Investors, Purchasers, and House Prices
Sunday, Jan. 5, 2020 8:00 AM - 10:00 AM (PDT)
- Chair: Xudong An, Federal Reserve Bank of Philadelphia
Price-setting and Incentives in the Housing Market
AbstractIn auctions, a seller may strategically set a low ask price in an attempt to trigger more interest. More interest would increase the probability of multiple high bids and a bidding war. Does such a strategy actually work? We study a combination of data sets on repeat-sales, repeat-sellers, repeat-bids, and repeat-realtors sourced from Norwegian housing transactions, realtors' bid-logs, and official registers of ownership. More than fifty percent of the sellers offer an ask price that is below the estimated market value. Our results suggest that this is sub-optimal. A lower ask price leads to more bids, which in itself contributes to a higher sell price. However, a lower ask price price also anchors the opening bid in the auction, which has a negative impact on the sell price. We find that the anchoring effect dominates the increased-interest effect trigger by a lower ask price. It does, however, appear to imply a higher sell-ask spread -- a sales pitch for the real estate agent. We find that high-performing realtors recommend different ask price strategies than low-performing realtors. High-performing realtors tend not to be associated with transactions in which strategic ask prices have been used. Low-performing realtors, however, tend to be associated with such transactions. Moreover, a time-series regression among low-performing realtors shows that when a realtor in one year tends to use strategic ask prices, this realtor sees more business the next year. For high-performing realtors, there is no such association. Finally, we find that sellers who previously failed on the strategy of a low ask price learn that this is sub-optimal, and in consequence are less likely to offer a discount the next time they sell.
Financing Risk and Information Bias in Housing Markets
AbstractIn Los Angeles, the fraction of all-cash home purchases quintupled from 3.6% in 2005 to 18.8% in 2012, and this fraction increased more substantially among some types of buyers, such as Chinese buyers and out-of-town buyers. Given that mortgage transactions entail financing risk which is absent in all-cash transactions, this rapid growth in all-cash transactions provides a natural opportunity to quantify two sources of housing market frictions: financing risk, that is, financing frictions that could potentially cause delays and risks in getting a mortgage offer approved; and information bias caused by asymmetric information among different types of buyers. Controlling for a rich set of house and buyer characteristics, we find that an all-cash purchase is associated with about 6% discount in the sales price. The estimate is robust to various house- and buyer- fixed effects and an instrumental variable strategy. We then explore heterogeneity in cash discounts among buyers with different information sets and across different stages of housing market cycles. We find that the estimated cash discount is larger among more informed buyers, with accumulated experience more important than proximity of experience. In addition, cash discount is larger in a housing bust, hence attracting more cash buyers in a bust, which in turn helps distressed local market recover faster. Lastly, aggregating our results suggests that both financing risk and information bias can also amplify the impact of economic shocks on housing prices.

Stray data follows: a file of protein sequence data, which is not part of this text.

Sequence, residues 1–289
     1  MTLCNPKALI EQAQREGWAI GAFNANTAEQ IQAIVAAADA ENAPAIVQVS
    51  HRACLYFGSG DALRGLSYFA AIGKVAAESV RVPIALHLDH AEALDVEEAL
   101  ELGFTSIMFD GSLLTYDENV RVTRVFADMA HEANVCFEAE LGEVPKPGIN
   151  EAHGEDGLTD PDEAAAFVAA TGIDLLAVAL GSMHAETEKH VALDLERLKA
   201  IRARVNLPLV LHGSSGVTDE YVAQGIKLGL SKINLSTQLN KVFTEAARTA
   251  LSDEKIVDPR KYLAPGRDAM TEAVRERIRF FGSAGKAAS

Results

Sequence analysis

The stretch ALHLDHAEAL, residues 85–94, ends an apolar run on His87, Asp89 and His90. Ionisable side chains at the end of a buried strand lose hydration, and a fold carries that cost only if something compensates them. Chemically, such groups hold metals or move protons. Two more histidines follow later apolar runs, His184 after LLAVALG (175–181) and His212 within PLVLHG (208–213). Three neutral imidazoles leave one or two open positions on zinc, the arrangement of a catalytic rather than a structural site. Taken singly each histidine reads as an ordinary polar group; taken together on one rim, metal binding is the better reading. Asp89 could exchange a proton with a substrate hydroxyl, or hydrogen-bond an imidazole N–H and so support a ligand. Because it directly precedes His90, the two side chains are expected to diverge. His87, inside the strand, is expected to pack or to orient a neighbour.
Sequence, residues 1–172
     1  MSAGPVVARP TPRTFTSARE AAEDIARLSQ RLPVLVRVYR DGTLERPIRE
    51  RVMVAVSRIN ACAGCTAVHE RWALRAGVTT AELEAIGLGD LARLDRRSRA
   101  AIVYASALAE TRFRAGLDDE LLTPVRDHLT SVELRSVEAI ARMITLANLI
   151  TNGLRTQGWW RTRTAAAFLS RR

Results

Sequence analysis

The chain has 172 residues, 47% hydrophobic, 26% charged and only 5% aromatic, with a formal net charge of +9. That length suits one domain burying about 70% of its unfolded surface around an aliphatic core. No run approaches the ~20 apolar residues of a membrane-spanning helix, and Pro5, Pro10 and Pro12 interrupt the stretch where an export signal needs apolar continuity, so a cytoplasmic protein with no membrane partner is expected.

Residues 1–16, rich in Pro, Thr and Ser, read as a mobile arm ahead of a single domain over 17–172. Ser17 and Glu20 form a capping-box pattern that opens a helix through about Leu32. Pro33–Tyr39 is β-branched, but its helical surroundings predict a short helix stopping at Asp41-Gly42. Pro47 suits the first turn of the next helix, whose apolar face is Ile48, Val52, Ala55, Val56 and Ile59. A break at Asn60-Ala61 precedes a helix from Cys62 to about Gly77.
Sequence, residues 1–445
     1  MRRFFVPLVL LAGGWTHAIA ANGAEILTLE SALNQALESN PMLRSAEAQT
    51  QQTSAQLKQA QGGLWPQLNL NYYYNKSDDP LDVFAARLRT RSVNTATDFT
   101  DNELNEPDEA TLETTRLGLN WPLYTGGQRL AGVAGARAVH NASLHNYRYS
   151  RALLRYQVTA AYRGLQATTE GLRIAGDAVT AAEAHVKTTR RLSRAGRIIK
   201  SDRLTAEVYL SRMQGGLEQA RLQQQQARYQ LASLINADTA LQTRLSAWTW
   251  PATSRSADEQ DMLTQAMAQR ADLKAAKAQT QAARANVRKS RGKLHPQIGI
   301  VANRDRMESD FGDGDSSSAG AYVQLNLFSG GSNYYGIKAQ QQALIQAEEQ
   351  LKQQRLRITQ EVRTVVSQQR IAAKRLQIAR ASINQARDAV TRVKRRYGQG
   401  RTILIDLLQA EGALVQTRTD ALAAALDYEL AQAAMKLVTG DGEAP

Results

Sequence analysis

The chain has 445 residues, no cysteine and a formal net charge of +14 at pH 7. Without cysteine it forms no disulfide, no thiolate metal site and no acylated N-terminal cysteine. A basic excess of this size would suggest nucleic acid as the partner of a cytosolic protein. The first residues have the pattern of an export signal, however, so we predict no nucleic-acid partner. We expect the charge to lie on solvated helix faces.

Investors and Housing Affordability
AbstractThis paper studies the impact of housing investors on the dynamics of housing affordability, after the Global Financial Crisis. Using an instrumental variable approach, we find that the investors' purchases in the U.S. MSAs, increase the price-to-income ratio, especially in the bottom price-tier of the market, and in areas with large supply restrictions. However, these effects are short-lived. Investors cause a significant supply response, as they increase granting of new building permits. In the medium-term, investors' purchases lead to reductions in prices and improved affordability. These findings should be considered when designing policy regulations.
- R3 - Real Estate Markets, Spatial Production Analysis, and Firm Location
- G1 - General Financial Markets